McDermid contends that every violent death has two primary sources: the crime scene itself and the dead body. As one crime specialist puts it, the crime scene is the silent witness to what happened there, and it is the starting point for the investigators as they build their cases. The evidence can be something examined in the lab—like a microscopic DNA sample—or something odd observed by a profiler, as happened when the mother of a missing child kept pushing away another of her children while being interviewed.
Some of McDermid’s novels deal with serial killers, so it’s not surprising that she addresses the issue here—the statistics are uncomfortable, especially in the past, where numbers of victims could be amazingly high. One doctor was believed to have killed 210 of his patients, and a rapist was held responsible for 40 victims.
While the present and evolving state of the science is fascinating (and surely would make any intelligent rogue think twice about committing a crime!), it’s the summary of forensics’ history that’s truly compelling, at least for me. Police in the past faced frequently insurmountable difficulties when a criminal could literally slip off into the darkness and disappear: it wasn’t that said criminal left no traces behind—we know they did, thanks to the principle first articulated by Locard, who’s given a nod in the book—but simply because police didn’t know the traces were there, or what to do with them when they were found.
McDermid goes, of course, for the most famous of unsolved cases by way of illustration, discussing the scene of the first Jack the Ripper murder in London in 1888: no obvious motive and no obvious suspect in the bloody slaying of Mary Nichols. The body offered evidence about the murder weapon and the perpetrator’s state of mind, but none of it pointed in any decisive direction.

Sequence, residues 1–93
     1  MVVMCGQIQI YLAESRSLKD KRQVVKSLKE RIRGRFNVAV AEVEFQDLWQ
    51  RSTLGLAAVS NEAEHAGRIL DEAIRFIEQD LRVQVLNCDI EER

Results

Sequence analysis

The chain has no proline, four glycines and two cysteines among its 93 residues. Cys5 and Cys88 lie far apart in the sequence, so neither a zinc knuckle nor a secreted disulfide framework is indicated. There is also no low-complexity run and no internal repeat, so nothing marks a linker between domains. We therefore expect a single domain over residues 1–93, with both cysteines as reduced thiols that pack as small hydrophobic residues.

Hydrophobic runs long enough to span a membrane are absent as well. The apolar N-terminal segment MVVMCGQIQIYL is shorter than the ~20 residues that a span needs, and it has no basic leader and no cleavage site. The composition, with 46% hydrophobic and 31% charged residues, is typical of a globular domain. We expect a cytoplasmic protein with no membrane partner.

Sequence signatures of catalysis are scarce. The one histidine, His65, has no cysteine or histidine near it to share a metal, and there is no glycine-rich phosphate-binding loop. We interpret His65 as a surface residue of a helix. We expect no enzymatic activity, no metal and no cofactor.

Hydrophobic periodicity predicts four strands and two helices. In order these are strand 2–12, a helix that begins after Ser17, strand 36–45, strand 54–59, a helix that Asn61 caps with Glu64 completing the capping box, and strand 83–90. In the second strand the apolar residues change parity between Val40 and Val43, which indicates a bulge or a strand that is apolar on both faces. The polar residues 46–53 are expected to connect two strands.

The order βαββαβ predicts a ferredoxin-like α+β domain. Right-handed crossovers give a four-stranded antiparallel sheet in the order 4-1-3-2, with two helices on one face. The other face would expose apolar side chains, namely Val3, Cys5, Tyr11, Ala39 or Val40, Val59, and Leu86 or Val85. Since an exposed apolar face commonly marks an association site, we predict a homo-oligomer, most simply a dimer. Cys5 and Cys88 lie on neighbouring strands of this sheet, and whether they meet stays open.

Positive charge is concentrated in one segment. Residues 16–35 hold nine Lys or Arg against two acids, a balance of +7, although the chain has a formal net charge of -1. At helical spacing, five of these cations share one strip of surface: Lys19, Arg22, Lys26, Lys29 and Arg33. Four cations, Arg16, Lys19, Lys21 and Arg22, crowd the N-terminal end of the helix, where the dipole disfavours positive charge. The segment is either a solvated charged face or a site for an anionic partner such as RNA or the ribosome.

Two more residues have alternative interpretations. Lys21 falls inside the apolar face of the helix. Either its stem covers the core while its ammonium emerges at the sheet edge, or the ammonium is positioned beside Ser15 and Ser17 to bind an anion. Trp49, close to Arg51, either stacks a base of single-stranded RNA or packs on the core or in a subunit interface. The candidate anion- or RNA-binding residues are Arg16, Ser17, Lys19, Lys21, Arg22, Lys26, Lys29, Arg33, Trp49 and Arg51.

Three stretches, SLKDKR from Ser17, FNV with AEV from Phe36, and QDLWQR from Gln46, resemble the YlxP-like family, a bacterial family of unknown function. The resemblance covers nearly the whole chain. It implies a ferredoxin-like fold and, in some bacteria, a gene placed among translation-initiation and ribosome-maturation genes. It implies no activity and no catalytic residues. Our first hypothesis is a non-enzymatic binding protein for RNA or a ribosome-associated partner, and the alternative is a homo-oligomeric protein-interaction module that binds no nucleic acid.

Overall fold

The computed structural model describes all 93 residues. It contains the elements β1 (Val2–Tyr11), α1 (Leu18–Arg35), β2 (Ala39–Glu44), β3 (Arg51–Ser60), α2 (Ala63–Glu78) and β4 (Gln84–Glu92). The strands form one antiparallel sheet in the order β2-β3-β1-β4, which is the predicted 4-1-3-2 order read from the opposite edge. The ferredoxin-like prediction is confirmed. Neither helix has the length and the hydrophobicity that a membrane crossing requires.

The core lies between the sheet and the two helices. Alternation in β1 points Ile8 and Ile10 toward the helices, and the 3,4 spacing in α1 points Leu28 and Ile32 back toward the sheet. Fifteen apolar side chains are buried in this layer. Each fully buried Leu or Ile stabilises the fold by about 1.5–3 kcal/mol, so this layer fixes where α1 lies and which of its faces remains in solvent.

Had the detectives had the skills and technology of a modern forensic investigator, the processing scene would almost certainly have led them to follow Holmes “scarlet thread of murder” inexorably to the man who killed those Whitechapel women in the dead of night. But without the most basic of scientific resources, the police were fumbling in the dark.
But history moves forward, and as forensics developed, so did its ability to extract facts from crime scenes, weapons, and bullets. In one case, a bullet was traced forensically back to a specific gun, when a woman summoned the Bow Street Runners to her house where a robbery occurred; her butler had apparently been wounded in the struggle with the burglar. The gun itself pointed to the real culprit—and, yes, the butler did it.
Some interesting sidelights: 85% of the crime experts reviewed in this book are women, and McDermid’s writing style is to use the feminine pronoun when gender is undetermined. This is in contrast to most forensic volumes that emphasize the male side of this historically masculine endeavor, and it made the book more accessible—to this reader, at least. Interestingly, when I first began reading her novels, I wasn’t clear as to whether McDermid was a woman or a man, so she seems to have created a voice that doesn’t draw attention to her gender—and yet she supports it in ways that matter.
Overall, a great book to have on your shelf, whether you’re a crime novelist, a mystery reader…or just want to find out where the TV shows featuring forensics get it right—and where they get it wrong.
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Jeannette de Beauvoir is a lifelong mystery reader and the author, most recently, of Deadly Jewels from St. Martins/Minotaur, which features WWII murders, neo-Nazis, diamonds conceived in a concentration camp, and a little romance, all of it against the dramatic backdrop of Montréal.